In this recipe, we make a shortcut aioli using store-bought mayonnaise. This allows us to, in just a few seconds, whip together a stable sauce infused with plenty of garlic and a little bit of white wine vinegar, which perfectly complements the tuna patties. It is not the original aioli, but it is quick, and boy is it good.

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What is the best type of tuna to use for tuna patties?

These tuna patties are packed with flavorful ingredients, so this recipe will work with whatever variety of canned tuna you prefer. However, with cans containing different types of tuna — most often albacore or skipjack, each packed in either water or oil (sometimes even olive oil) — there can be a lot of questions about which is the best choice.

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The variety of fish you choose is largely a matter of personal preference. Skipjack is a more oily fish, which means that those tins tend to be more flavorful than albacore. If you like the taste of tuna as much as the other ingredients in the patties, opt for skipjack. Or, if you are looking to change things up, you could even try Atlantic mackerel.

When it comes to oil-packed versus water-packed, there are more guidelines. Oil-packed tuna tends to be both more moist and more flavorful, but the oil also means that it is richer by itself. Oil-packed tuna would work just fine in this recipe, but it is often reserved for preparations in which the tuna will be served un-doctored, such as atop a salad. For preparations such as this, with plenty of other components in the patties, water-packed tuna works great.

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Spanish-Inspired Tuna Patties And Shortcut Aioli Recipe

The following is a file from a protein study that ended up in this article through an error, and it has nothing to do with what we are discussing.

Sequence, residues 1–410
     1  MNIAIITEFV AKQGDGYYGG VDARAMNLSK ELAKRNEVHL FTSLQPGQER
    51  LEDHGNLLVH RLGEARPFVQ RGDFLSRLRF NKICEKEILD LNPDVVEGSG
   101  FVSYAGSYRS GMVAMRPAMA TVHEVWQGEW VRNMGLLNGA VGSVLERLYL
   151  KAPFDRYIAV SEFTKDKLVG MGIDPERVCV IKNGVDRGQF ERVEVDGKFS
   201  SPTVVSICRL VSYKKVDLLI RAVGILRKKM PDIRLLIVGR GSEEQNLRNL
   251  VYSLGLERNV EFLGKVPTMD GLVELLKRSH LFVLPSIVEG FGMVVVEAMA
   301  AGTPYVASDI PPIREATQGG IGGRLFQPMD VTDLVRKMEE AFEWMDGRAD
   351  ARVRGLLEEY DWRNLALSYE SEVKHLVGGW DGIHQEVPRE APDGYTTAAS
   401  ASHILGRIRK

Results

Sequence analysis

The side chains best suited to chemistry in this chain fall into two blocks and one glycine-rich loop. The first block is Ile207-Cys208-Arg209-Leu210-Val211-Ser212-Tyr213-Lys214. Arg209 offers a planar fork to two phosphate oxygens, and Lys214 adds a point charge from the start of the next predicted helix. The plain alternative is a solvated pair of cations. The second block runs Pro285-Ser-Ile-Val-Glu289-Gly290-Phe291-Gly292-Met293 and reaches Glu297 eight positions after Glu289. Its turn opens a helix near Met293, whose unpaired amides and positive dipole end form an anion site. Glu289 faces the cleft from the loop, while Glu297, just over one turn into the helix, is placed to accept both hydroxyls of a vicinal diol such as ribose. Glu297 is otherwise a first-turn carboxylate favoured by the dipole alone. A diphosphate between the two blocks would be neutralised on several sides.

5 (16 ratings)

Perfectly crispy and boasting smoky paprika flavor, these tuna patties come together in 20 minutes and pair wonderfully with a quick garlicky sauce.

Prep Time
10
minutes
Cook Time
7
minutes
servings
4
servings
plate of tuna patties and aioli
Total time: 17 minutes

Ingredients

  • ½ cup mayonnaise
  • 1 tablespoon + 1 teaspoon white wine vinegar, divided
  • 1 tablespoon + 1 teaspoon minced garlic, divided
  • 1 (12-ounce) can tuna, drained
  • 2 eggs, beaten
  • ½ cup panko breadcrumbs
  • ¼ cup diced roasted red pepper
  • ¼ cup diced yellow onion
  • 2 tablespoons chopped parsley
  • 1 teaspoon smoked paprika
  • ¼ teaspoon salt
  • ¼ cup olive oil

Optional Ingredients

  • Fresh greens, for serving
  • Bun, for serving

Directions

  1. Make aioli by mixing together mayonnaise, 1 tablespoon white wine vinegar, and 1 teaspoon minced garlic. Set aside.
  2. Add tuna, eggs, breadcrumbs, roasted red pepper, onion, parsley, paprika, salt, and remaining vinegar and garlic to a large bowl. Mix well.
  3. Form tuna mixture into 8-10 evenly sized patties.
  4. Bring a large skillet to medium-high heat and add olive oil.
  5. Add tuna patties to the skillet and fry for 3-4 minutes on each side, until brown and crisp.
  6. Serve immediately on a bed of greens or a bun, if desired, with plenty of aioli.

Nutrition

Calories per Serving 463
Total Fat 39.0 g
Saturated Fat 6.1 g
Trans Fat 0.0 g
Cholesterol 121.9 mg
Total Carbohydrates 8.3 g
Dietary Fiber 0.8 g
Total Sugars 1.2 g
Sodium 430.5 mg
Protein 20.4 g
The information shown is Edamam’s estimate based on available ingredients and preparation. It should not be considered a substitute for a professional nutritionist’s advice.